by Shaker Sunburned Counsel
Prince Harry has spent the last 10 weeks serving in Helmand Province in Afghanistan, and the media was asked to maintain a blackout to protect both the prince and the other soldiers serving around him. Yet his deployment appeared Wednesday on the Drudge Report, and the international media subsequently reported it. It appears the info first appeared in the Australian women's magazine New Idea in January, but somehow broke onto the international stage with Drudge.
The BBC coverage is here and AP is here.
Drudge put many, many people in danger for no particular reason. No wrong was righted. No eternal truth was found. It feels like he violated some sort of pirates' code, and it is hard to see that he did it for anything other then his own increased internet hits.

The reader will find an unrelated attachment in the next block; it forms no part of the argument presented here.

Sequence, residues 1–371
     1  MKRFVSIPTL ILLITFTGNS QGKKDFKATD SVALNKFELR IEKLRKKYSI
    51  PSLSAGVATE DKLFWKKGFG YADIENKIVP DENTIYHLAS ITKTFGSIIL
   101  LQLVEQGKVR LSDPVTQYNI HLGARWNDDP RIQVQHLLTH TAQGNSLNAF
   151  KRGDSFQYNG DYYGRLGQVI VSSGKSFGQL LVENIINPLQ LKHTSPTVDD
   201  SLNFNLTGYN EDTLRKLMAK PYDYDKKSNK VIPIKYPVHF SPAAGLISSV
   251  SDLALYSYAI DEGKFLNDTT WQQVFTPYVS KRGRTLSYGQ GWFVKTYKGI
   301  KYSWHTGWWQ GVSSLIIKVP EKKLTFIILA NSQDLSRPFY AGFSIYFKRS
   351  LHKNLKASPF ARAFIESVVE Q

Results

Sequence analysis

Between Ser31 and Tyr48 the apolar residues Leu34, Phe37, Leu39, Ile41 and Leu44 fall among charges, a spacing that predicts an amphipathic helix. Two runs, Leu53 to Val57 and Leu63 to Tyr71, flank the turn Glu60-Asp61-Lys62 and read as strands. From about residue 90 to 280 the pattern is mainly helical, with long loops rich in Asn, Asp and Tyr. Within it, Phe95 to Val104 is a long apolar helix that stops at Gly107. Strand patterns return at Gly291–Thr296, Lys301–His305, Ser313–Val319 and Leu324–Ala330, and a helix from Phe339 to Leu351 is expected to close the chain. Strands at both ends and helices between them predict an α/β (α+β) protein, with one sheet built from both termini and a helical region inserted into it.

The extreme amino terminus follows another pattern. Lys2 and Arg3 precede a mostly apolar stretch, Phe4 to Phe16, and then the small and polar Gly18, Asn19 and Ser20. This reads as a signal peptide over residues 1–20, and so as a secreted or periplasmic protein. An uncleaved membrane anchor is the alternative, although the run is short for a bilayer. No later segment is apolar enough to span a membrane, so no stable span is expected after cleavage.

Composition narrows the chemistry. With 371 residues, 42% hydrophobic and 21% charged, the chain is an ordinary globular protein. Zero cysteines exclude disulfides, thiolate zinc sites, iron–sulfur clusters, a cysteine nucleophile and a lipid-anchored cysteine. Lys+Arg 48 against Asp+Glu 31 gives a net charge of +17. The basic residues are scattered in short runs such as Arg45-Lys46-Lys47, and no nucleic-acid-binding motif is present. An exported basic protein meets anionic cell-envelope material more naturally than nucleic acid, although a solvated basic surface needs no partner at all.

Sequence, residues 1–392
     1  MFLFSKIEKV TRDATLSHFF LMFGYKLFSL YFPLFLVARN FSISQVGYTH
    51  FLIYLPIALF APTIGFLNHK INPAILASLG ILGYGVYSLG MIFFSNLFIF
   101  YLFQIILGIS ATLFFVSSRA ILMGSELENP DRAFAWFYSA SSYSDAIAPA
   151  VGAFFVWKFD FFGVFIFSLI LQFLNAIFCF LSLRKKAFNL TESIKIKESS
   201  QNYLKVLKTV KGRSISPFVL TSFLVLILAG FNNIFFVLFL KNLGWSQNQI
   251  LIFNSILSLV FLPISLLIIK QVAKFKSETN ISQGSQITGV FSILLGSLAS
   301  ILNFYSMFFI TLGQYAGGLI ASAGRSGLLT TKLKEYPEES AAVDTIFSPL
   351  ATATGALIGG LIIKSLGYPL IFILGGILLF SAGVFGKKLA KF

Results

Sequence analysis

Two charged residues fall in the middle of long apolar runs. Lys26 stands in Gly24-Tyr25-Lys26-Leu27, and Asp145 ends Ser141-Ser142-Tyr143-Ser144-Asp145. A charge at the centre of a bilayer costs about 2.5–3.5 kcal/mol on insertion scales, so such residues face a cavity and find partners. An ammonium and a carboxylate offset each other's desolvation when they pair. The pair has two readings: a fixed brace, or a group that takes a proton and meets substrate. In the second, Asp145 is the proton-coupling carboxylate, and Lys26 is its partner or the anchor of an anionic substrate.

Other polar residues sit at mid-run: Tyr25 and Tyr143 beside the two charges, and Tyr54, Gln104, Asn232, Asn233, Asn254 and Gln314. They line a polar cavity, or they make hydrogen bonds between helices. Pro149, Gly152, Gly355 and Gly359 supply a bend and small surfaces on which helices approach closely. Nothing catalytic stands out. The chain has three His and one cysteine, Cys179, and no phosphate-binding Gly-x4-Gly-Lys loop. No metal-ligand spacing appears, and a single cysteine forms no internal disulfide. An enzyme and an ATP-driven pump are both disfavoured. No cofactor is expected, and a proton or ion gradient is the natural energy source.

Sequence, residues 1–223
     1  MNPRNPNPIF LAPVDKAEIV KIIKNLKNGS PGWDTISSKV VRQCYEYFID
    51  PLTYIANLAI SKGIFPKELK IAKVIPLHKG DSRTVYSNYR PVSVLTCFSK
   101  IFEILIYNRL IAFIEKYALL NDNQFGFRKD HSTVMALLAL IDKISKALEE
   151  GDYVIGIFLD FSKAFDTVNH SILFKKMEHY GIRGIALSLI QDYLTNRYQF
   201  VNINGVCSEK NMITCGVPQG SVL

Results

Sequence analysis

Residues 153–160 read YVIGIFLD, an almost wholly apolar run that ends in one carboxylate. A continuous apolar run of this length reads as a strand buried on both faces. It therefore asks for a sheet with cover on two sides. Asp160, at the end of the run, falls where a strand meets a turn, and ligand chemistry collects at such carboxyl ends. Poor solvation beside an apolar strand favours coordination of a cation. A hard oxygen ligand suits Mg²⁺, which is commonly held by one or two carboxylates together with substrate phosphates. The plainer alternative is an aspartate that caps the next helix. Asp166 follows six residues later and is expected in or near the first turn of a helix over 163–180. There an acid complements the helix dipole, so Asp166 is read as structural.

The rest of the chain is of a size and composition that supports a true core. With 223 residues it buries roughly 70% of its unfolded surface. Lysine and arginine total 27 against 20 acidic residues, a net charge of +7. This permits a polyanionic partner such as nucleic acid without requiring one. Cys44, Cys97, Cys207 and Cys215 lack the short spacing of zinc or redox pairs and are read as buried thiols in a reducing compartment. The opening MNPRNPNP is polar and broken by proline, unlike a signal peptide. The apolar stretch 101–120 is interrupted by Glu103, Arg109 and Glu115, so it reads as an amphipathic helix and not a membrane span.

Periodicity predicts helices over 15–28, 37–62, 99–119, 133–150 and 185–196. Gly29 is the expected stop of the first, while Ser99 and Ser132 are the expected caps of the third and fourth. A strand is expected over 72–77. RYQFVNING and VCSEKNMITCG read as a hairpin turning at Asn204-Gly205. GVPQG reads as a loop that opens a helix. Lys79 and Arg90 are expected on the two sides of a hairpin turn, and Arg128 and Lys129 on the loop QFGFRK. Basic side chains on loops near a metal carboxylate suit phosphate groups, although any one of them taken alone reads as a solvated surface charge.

I think there is something to this story about the way blogging as a medium can really change the media landscape, since the whole traditional media agreed to the black-out. Even the frickin' British tabloids. But one post from Drudge, and Prince Harry has to come back to Britain.
I normally see alternative media as a very powerfully positive force, but the egalitarianism here seems sad and hubristic, on a dangerous scale. Is it just that I have a soft spot for the Princes? That I think someone safely in front of their computer should maybe not endanger those who are in war zones? That I kind of just don't like Drudge? That I'm hypocritical and only support freedom of the press when it's critiquing the people I do not like? Is there a power differential at play here? Military and former military Shakers, any thoughts? Or is my initial response sufficient?—Drudge: poor form.